The writing work ethic and KAPOW

Today is past the usual day for Monday’s Kick-Ass Prompt of the Week (KAPOW), but I’m combining posts for a while.  I’ve been feeling overwhelmed.  I was going to say a little overwhelmed, but that would be an oxymoron.

My troubles generally stem from my ability to say no to others, yes, but mostly to myself.  I have trouble differentiating between what I can do and what I should do.  I’m not going to get into specifics; this is a writing blog, not a personal flog – I mean blog.  Heh.

Part of the problem has been because I’m not thinking of writing as work.  I have tried to talk myself into it aloud for some time.  My husband has demonstrated a better grasp than I have.  He just now came up to me with a question about a 5-gallon bucket of green beans he had just picked from the garden.  When he saw my computer display with the blog post on one side overlapping my WIP he said, “Oh, you’re working.  Never mind.  I’ll take care of it.”  What a guy.

I had the good fortune to be able to work from home for a number of years for an answering service.  When I answered phones in the office, I worked five eight-hour days.  From home, I was able to work four ten-hour days.  That meant I had three days per week off.  The remaining four days I sat my rear in my office chair in front of the computer, donned my headset and logged in.  During that ten hours I had three fifteen-minute breaks.  It was not a hardship, other than having to eat fast, a habit I’m still trying to break.

It was easier because I wore a headset and responded to calls as they came in.  I had no control over the frequency or the type of call – some were retail sales, some were customer service, some were after-hour calls for professionals and more.  The work desktop and the calls coming in were the driving force.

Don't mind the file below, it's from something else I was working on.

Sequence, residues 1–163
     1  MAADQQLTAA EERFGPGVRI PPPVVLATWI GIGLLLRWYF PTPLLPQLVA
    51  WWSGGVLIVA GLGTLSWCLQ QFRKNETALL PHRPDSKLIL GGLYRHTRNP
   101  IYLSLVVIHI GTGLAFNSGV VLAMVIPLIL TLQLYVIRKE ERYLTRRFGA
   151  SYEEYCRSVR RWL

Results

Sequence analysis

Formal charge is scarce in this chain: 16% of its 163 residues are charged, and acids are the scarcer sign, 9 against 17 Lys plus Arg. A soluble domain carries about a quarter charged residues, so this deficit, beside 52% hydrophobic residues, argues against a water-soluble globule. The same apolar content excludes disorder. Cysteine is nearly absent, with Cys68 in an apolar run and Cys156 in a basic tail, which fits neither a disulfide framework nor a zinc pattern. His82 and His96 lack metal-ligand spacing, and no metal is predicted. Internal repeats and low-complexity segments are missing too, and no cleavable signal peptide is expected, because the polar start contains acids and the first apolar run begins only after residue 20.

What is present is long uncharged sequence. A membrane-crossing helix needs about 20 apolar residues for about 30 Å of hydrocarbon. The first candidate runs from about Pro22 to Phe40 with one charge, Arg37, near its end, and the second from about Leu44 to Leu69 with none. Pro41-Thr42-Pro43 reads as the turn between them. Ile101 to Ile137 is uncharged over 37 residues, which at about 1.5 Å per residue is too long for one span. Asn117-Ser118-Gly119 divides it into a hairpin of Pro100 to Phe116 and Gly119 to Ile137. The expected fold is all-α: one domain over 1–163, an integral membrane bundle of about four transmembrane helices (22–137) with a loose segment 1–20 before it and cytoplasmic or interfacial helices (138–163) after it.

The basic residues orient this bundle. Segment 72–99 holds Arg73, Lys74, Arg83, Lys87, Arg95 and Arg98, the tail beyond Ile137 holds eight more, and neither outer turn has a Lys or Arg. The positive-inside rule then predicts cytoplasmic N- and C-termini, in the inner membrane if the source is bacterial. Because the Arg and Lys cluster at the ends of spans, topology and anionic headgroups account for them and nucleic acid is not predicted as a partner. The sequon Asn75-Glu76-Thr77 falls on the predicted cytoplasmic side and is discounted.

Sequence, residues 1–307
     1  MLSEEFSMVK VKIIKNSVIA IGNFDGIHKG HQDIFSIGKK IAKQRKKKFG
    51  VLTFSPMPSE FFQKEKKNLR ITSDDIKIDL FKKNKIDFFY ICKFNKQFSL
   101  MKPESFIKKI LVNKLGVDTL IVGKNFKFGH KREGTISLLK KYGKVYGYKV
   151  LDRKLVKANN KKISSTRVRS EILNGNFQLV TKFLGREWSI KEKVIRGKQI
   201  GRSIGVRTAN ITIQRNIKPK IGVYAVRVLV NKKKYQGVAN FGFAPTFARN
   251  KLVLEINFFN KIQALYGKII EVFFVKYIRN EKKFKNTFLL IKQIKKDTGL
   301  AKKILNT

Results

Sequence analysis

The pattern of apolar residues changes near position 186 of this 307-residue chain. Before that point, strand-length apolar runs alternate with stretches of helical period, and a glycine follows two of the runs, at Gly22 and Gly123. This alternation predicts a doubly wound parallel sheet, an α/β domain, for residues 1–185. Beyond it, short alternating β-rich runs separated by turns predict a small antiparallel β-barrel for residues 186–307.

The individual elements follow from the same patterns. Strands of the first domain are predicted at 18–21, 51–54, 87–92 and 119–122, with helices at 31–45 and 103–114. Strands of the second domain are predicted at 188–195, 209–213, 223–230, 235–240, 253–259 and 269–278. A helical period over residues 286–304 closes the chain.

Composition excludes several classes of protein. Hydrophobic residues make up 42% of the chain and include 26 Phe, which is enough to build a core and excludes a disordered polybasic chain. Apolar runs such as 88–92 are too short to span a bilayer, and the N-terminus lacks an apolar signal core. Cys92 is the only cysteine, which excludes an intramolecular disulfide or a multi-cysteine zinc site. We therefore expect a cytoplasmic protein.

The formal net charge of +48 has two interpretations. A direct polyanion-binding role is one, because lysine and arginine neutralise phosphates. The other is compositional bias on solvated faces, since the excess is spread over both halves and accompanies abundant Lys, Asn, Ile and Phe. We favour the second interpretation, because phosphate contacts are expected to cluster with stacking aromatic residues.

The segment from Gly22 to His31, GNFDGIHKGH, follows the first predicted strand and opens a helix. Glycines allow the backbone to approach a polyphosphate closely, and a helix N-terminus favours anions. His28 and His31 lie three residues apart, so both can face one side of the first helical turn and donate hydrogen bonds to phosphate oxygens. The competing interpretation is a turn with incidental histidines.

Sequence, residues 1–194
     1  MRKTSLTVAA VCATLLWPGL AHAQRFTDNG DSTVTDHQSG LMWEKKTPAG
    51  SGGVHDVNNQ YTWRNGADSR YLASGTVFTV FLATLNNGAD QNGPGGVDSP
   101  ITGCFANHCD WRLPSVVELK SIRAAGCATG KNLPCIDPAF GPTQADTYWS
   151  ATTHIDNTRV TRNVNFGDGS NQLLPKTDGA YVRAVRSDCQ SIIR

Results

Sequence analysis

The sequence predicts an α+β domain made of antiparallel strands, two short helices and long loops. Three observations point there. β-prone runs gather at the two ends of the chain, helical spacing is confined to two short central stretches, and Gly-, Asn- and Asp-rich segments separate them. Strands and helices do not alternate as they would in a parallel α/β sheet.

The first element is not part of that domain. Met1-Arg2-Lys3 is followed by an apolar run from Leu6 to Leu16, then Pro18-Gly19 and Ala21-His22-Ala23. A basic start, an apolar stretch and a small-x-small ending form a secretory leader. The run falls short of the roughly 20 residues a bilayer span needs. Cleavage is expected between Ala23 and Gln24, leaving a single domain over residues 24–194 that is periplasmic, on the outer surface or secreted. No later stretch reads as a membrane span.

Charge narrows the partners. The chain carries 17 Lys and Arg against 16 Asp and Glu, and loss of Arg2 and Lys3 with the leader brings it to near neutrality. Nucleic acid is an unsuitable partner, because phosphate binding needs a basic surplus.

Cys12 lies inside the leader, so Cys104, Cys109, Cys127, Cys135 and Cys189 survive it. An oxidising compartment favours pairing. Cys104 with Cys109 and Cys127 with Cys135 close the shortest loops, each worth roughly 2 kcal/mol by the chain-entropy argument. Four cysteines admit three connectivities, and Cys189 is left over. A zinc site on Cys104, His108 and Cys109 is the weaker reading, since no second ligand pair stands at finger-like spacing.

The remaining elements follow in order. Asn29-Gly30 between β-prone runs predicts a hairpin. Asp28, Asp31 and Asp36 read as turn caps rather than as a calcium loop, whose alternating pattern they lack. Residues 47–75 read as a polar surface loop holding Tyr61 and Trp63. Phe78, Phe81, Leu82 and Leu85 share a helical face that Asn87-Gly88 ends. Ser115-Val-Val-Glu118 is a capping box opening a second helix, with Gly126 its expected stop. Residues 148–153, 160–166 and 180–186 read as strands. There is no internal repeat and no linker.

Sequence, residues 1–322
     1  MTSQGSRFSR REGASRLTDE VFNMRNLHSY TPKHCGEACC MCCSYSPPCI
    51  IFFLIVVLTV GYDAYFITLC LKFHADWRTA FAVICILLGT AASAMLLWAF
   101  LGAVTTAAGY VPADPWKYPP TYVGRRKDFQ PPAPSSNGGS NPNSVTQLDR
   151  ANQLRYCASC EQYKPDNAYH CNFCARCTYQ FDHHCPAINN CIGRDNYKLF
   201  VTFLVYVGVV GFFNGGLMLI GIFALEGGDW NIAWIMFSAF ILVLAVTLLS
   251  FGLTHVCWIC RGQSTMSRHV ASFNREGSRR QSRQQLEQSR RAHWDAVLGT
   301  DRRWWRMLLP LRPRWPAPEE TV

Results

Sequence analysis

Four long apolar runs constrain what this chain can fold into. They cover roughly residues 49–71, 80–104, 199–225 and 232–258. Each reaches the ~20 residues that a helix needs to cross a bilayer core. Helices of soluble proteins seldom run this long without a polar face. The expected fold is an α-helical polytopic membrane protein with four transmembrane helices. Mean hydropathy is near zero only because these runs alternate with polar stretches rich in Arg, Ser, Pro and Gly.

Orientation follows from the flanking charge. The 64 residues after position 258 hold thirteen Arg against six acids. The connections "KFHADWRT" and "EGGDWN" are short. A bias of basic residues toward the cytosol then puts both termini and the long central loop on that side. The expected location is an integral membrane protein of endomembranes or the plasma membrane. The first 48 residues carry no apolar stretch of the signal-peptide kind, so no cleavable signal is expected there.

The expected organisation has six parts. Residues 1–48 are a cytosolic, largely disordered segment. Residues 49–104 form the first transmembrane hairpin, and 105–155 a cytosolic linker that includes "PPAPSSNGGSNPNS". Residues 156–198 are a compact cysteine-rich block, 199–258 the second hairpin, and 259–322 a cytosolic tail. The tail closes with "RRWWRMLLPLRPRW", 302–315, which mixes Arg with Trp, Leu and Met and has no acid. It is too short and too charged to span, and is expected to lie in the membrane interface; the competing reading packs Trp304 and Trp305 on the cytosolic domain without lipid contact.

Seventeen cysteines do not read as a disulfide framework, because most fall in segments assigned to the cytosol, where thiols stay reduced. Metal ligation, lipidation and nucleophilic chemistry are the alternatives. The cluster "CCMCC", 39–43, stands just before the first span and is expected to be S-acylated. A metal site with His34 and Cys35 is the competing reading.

Now that I’m retired from the workplace, when I sit here to write, it’s on me.  I’m the driving force.  I am also easily distracted.  When I was taking calls for work, everybody knew I was working.  I didn’t answer the home phone, I didn’t take visitors, I was working.  Enforcing that work ethic while I’m writing is more problematic.  Some of my family and friends still think of my writing as a hobby.  I’m afraid I don’t enforce the do-not-disturb aspect as I should.  It’s a balancing act.  I’m still working on it.

In that vein, this week’s KAPOW challenge is to write, in 300 words or fewer, a description of something in your workspace.  It can be where you work now, have worked or want to work.  Narrow the focus to one inanimate object, no matter how large or small – no dialog and no character interaction.

Hmmmm.  Looking around my workspace . . .




by C J Gorden

Its destiny, its purpose, had been to compliment the leaves and blooms and encompass the soil and roots of a prized dollar-ninety-five Wal-Mart violet purchased at the same time.  The two-piece container was designed to be a self-waterer, to draw water from the lower bowl through the unglazed portion of the upper receptacle nested within it in a way that made violet care . . . carefree.  It was not to be.  The water did not seep upward slowly over time, it flooded the coveted violet’s roots within the month and killed it dead.  No one noticed the sodden soil until it was too late to save the violet and the disenfranchised planter was relegated to a small, dilapidated box in a dark closet of shame.  After some time had passed the horror had abated and the planter was noticed again.

Fate has provided a new purpose for the former violet planter with the blue crackle glaze.  The high-shouldered, gracefully tapered base was judged stable enough to keep rulers, scissors and letter openers upright and the smaller container nested inside it keeps the contents from sprawling.  It holds not only an assortment of pens, pencils and highlighters, but a revolving medley of items from the entire household.  Among other miscellany there is a crochet hook, a Barbie’s golf club appropriated after a 2-year-old’s attempt to use it to clean a kitten’s ear, an impromptu caliper made from parts of two sewing rulers and across its lip rests a straightened paper clip once used to manually eject a CD from a misbehaving drive.  You never know when you might need one of those. No longer a failure, the planter has become a  reflection of its environment and is now known as The Pencil Cup.


1 Comment (+add yours?)

  1. Fay Moore
    Aug 15, 2012 @ 21:33:55

    Hi, CJ. I’ve nominated you for an award. Please read about it here:


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